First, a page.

Since 2008, hundreds of thousands of solar panels have popped up across the country as an increasing number of Americans choose to power their daily lives with the sun’s energy. Thanks in part to the Solar Energy Technologies Office’s investments, the cost of going solar goes down every year. You may be considering the option of adding a solar energy system to your home’s roof or finding another way to harness the sun’s energy. While there’s no one-size-fits-all solar solution, here are some resources that can act as a guide to going solar that can help you figure out what’s best for you. Consider these questions before you go solar.
How does solar work?
There are two primary technologies that can harness the sun’s power and turn it into electricity. The first is the one you’re likely most familiar with – photovoltaics, or PV. These are the panels you’ve seen on rooftops or in fields. When the sun shines onto a solar panel, photons from the sunlight are absorbed by the cells in the panel, which creates an electric field across the layers and causes electricity to flow.
The second technology is concentrating solar power, or CSP. It is used primarily in very large power plants and is not appropriate for residential use. This technology uses mirrors to reflect and concentrate sunlight onto receivers that collect solar energy and convert it to heat, which can then be used to produce electricity.
Is my home suitable for solar panels? – A Homeowner’s Guide to Going Solar
Solar panels are built to work in all climates, but in some cases, rooftops may not be suitable for solar systems due to age or tree cover. If there are trees near your home that create excessive shade on your roof, rooftop panels may not be the most ideal option. The size, shape, and slope of your roof are also important factors to consider. Typically, solar panels perform best on south-facing roofs with a slope between 15 and 40 degrees, though other roofs may be suitable too. You should also consider the age of your roof and how long until it will need replacement.
If a solar professional determines that your roof is not suitable for solar, or you don’t own your home, you can still benefit from solar energy. Community solar allows multiple people to benefit from a single, shared solar array that can be installed on- or off-site. Costs associated with purchasing and installing a solar energy system are divided among all of the participants, who are able to buy into the shared system at a level that best fits their budget.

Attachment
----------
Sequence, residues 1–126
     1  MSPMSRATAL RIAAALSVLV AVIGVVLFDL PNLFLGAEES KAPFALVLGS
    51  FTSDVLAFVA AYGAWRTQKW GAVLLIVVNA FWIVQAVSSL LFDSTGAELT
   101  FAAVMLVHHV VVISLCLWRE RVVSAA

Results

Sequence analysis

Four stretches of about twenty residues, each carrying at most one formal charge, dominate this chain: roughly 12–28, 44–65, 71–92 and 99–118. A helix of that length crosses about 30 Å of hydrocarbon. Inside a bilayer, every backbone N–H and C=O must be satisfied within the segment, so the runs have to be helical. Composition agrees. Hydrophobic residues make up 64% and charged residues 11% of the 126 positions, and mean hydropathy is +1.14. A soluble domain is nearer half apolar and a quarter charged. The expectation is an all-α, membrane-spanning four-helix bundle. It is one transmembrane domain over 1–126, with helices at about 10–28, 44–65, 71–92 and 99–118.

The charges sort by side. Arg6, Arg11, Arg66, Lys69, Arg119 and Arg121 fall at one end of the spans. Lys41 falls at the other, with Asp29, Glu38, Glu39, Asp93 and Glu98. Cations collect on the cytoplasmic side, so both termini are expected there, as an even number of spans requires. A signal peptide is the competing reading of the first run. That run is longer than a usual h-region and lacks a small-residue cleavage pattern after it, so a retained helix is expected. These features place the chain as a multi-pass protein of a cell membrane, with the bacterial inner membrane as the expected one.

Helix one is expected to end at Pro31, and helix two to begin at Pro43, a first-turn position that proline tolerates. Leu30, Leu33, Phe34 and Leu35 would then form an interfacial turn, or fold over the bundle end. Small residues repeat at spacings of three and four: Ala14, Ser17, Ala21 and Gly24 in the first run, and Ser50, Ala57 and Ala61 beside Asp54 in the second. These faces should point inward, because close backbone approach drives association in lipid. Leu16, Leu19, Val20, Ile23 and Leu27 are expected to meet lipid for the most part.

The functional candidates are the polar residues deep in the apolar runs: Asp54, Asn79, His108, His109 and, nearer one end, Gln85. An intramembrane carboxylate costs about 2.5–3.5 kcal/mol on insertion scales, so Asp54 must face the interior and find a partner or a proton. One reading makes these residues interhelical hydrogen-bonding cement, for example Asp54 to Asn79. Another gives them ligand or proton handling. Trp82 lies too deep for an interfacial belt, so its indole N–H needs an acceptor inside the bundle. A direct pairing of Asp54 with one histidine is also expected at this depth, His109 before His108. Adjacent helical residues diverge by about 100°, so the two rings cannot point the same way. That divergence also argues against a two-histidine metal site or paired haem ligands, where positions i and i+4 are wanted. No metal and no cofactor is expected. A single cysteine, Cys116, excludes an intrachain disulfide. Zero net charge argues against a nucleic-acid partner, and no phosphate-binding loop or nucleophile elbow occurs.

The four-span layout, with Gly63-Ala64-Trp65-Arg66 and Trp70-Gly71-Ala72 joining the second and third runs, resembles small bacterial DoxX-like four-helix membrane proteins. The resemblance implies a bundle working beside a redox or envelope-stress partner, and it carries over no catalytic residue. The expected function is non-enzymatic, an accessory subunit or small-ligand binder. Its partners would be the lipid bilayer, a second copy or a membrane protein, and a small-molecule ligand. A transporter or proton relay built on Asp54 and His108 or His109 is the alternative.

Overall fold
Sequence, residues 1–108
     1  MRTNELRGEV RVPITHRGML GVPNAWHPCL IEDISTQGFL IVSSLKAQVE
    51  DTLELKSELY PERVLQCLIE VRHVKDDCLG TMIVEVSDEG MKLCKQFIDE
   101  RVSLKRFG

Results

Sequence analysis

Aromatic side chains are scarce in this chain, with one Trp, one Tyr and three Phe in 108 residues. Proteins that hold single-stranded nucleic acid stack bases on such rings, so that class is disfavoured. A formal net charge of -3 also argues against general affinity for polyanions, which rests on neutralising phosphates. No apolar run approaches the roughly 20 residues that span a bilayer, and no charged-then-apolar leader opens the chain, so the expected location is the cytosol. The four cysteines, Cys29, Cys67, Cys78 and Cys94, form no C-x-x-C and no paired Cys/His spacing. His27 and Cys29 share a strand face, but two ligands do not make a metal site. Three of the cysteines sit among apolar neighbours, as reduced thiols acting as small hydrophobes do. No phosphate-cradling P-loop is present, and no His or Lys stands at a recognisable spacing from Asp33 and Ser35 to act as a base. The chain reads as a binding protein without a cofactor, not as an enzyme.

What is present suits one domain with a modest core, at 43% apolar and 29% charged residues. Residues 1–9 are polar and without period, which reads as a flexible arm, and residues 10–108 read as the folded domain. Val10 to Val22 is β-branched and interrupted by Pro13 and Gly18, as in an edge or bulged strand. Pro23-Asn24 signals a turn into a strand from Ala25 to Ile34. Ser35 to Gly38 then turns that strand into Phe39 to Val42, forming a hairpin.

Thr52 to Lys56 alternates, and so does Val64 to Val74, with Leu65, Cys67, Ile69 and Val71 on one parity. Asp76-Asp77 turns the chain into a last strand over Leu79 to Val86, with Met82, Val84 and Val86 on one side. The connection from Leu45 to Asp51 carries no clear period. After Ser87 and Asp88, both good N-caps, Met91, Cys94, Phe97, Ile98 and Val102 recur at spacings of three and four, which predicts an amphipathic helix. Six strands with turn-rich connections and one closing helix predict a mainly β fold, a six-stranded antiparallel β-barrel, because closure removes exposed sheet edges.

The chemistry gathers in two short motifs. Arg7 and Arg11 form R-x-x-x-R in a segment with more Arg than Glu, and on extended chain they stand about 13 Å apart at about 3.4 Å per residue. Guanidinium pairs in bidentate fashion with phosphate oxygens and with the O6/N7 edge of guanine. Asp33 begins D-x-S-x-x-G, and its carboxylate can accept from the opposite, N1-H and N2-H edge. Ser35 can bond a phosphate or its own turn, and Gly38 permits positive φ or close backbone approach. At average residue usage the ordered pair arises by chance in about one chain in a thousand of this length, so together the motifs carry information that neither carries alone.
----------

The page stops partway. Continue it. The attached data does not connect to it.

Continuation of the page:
Those interested in community solar can take advantage of a tool from awardee EnergySage. The company’s Community Solar Marketplace aggregates the many available options in one place and standardizes project information, allowing interested consumers to easily locate and compare multiple community solar projects in their area.
How do I start the process of going solar?
There are a number of mapping services that have been developed by SETO awardees that will help you determine if your roof is suitable for solar and can even provide you with quotes from pre-screened solar providers in your area. In addition to those resources, an internet search can help you find local companies that install solar panels. Because you will likely have many options to choose from, it’s important to thoroughly read reviews of solar companies to make sure you are selecting the best fit for you and your home.
Solarize campaigns can also help you start the process of going solar. These programs work by allowing groups of homeowners to work together to collectively negotiate rates, select an installer, and create additional community interest in solar through a limited-time offer to join the campaign. Ultimately, as the number of residents who participate in the program increase, the cost of the installations will decrease.
Can I install solar myself? – A Homeowner’s Guide to Going Solar
Right now, the best way to install solar is through a
How much power can I generate with solar?
The National Renewable Energy Laboratory developed a tool called PVWatts for this purpose. It estimates the energy production and cost of energy of grid-connected PV energy systems for any address in the world. It allows homeowners, small building owners, installers, and manufacturers to easily develop estimates of the performance of potential PV installations, and can even compare solar’s cost to utility bills. These tools are great for getting started, but make sure to work with a solar installer for a custom estimate of how much power your solar energy system is likely to generate.
Will I save money by going solar? – A Homeowner’s Guide to Going Solar